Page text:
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The 3 Daughters of King Coluath O'Hara - Page 13

Must Continue Punching Down - Well, this week's installment, I liked the look of contempt that the White Dog gave the third daughter in the third panel. It didn't start out as contempt, or at least I didn't imagine it was contempt fifteen years ago, but it seems as if it is now. Like, you can't even give me three days in your father's house?

As we've seen, three is the number of transformation, the number of permanent change in this story, and that's why he wanted to stay for three days. The fourth panel could have been better, which is obvious in retrospect fifteen years later. I wanted to suggest motion in this panel, but sometimes my skills aren't up to the task. Perhaps giving all the objects in the fourth panel, including the figure, the same vanishing point, would have given the effect I was looking for.

Okay I have to go and do some stuff, so I'll cut this short. Thanks for visiting! See ya next week!

(also the guy named "Jussie" from last week, turns out the so-called "noose" that the "two white guys" who were big fans of "Empire" were alleged to have put around his neck was "clothesline" straight from the package. Hmm. I believe the police have subpoenaed his phone records and his manager's phone records to verify that they were on the phone at the moment of the alleged attack. Anyway.)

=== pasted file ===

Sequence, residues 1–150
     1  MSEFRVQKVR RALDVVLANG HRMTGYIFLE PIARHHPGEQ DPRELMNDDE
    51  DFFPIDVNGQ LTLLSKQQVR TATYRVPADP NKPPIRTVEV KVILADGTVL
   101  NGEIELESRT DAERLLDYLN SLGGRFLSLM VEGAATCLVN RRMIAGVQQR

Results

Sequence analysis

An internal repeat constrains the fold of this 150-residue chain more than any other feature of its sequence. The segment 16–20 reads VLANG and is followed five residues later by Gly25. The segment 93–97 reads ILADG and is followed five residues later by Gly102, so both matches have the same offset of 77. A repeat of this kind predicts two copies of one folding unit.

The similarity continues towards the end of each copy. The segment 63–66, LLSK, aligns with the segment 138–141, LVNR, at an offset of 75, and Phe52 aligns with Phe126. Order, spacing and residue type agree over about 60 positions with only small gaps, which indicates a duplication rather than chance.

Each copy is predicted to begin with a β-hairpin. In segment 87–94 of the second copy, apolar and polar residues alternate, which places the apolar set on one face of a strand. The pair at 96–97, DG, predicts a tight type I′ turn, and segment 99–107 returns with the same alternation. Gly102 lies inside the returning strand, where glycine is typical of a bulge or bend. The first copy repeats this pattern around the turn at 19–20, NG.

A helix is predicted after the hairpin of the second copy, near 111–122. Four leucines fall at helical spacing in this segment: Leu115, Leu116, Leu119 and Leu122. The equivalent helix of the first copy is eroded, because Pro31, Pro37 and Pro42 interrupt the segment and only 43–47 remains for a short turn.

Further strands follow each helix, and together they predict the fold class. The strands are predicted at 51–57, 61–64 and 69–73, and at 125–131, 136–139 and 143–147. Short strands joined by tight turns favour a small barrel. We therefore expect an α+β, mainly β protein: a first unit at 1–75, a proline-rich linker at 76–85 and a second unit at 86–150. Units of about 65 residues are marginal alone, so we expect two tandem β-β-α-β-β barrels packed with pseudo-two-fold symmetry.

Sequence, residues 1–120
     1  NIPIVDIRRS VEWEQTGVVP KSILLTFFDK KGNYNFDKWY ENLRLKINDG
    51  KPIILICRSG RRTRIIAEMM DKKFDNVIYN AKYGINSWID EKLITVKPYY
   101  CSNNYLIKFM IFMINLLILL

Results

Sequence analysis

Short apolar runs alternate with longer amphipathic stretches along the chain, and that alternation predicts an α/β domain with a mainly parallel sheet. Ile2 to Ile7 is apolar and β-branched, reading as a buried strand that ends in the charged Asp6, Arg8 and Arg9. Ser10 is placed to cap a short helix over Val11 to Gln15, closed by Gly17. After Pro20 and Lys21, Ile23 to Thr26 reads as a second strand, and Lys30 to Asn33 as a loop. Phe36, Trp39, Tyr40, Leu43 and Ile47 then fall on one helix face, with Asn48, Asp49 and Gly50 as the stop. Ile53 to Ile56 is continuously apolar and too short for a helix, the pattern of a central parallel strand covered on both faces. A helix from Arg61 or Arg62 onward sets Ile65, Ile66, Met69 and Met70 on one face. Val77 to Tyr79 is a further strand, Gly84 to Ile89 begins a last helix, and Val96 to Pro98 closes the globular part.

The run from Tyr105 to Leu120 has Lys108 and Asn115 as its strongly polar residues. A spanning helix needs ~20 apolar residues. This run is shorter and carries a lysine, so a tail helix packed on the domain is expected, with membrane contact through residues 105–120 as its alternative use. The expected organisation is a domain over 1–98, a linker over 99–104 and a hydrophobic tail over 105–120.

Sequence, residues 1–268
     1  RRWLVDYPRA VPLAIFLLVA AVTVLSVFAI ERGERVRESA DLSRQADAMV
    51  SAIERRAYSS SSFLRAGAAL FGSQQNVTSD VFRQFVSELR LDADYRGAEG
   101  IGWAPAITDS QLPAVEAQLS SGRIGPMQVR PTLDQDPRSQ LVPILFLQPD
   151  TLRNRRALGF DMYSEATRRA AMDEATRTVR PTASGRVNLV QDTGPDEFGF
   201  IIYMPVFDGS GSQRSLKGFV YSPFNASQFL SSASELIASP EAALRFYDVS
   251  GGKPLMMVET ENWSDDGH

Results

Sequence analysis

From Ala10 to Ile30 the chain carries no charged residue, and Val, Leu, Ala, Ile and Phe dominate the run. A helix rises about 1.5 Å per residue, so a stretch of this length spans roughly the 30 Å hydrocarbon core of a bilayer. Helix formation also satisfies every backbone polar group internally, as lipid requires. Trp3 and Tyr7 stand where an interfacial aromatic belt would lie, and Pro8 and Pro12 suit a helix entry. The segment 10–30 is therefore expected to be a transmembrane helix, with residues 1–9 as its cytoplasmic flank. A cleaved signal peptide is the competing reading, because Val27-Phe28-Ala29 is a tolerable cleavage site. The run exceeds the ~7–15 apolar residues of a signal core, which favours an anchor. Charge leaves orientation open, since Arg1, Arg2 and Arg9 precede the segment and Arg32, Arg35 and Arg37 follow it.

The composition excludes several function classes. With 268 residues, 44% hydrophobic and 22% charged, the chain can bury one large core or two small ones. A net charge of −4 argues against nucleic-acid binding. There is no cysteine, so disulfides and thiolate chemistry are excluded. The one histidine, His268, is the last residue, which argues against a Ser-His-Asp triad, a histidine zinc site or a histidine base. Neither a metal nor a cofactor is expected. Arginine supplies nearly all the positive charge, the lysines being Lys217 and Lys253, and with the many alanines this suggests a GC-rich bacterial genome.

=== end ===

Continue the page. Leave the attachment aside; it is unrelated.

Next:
Comic transcript

You're reading a page from a comic book based on the ancient Irish Myth the Three daughters of King Coluath O'hara. The translation and story was from Jeremiah Curtin's book Irish Myths and Fairy Tales but don't go and spoil the comic by reading it. I'll be posting a page a week, and the first page is here. Please let me know in the comments if you want to buy a copy and end the suspense, and if enough people want it then hey I'll publish it. Thanks!

The husband of the youngest daughter sprang up. He was very angry and very sorry. He said to her, "If I had been able to spend three nights with you under your father's roof, I should have got back my own form again for good, and could have been a man both in the day and the night. But now I must go."

The former white dog rose from the bed, ran out of the castle, and away he went as fast as ever his two legs could carry him, overtaking the one before him, and leaving the one behind. He was this way all that night and the next day.

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